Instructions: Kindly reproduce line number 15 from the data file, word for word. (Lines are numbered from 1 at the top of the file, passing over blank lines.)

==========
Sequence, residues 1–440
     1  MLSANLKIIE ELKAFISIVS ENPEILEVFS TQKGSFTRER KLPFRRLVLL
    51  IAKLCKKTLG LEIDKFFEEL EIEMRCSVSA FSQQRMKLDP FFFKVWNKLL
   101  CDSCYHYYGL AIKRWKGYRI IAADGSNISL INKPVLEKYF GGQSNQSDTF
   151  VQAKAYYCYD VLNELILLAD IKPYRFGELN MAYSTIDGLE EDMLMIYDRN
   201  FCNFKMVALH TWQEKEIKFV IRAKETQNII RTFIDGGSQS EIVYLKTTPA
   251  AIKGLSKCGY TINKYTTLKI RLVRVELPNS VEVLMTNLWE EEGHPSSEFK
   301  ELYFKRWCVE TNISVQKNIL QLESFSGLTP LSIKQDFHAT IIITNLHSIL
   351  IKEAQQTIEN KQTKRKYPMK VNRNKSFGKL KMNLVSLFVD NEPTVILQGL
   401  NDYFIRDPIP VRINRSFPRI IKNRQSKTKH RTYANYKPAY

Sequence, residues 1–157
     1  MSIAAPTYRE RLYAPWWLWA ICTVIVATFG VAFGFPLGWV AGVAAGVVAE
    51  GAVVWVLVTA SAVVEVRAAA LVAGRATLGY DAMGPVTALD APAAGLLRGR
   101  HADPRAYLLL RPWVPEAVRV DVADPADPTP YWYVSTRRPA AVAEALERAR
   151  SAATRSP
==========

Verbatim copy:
   151  SAATRSP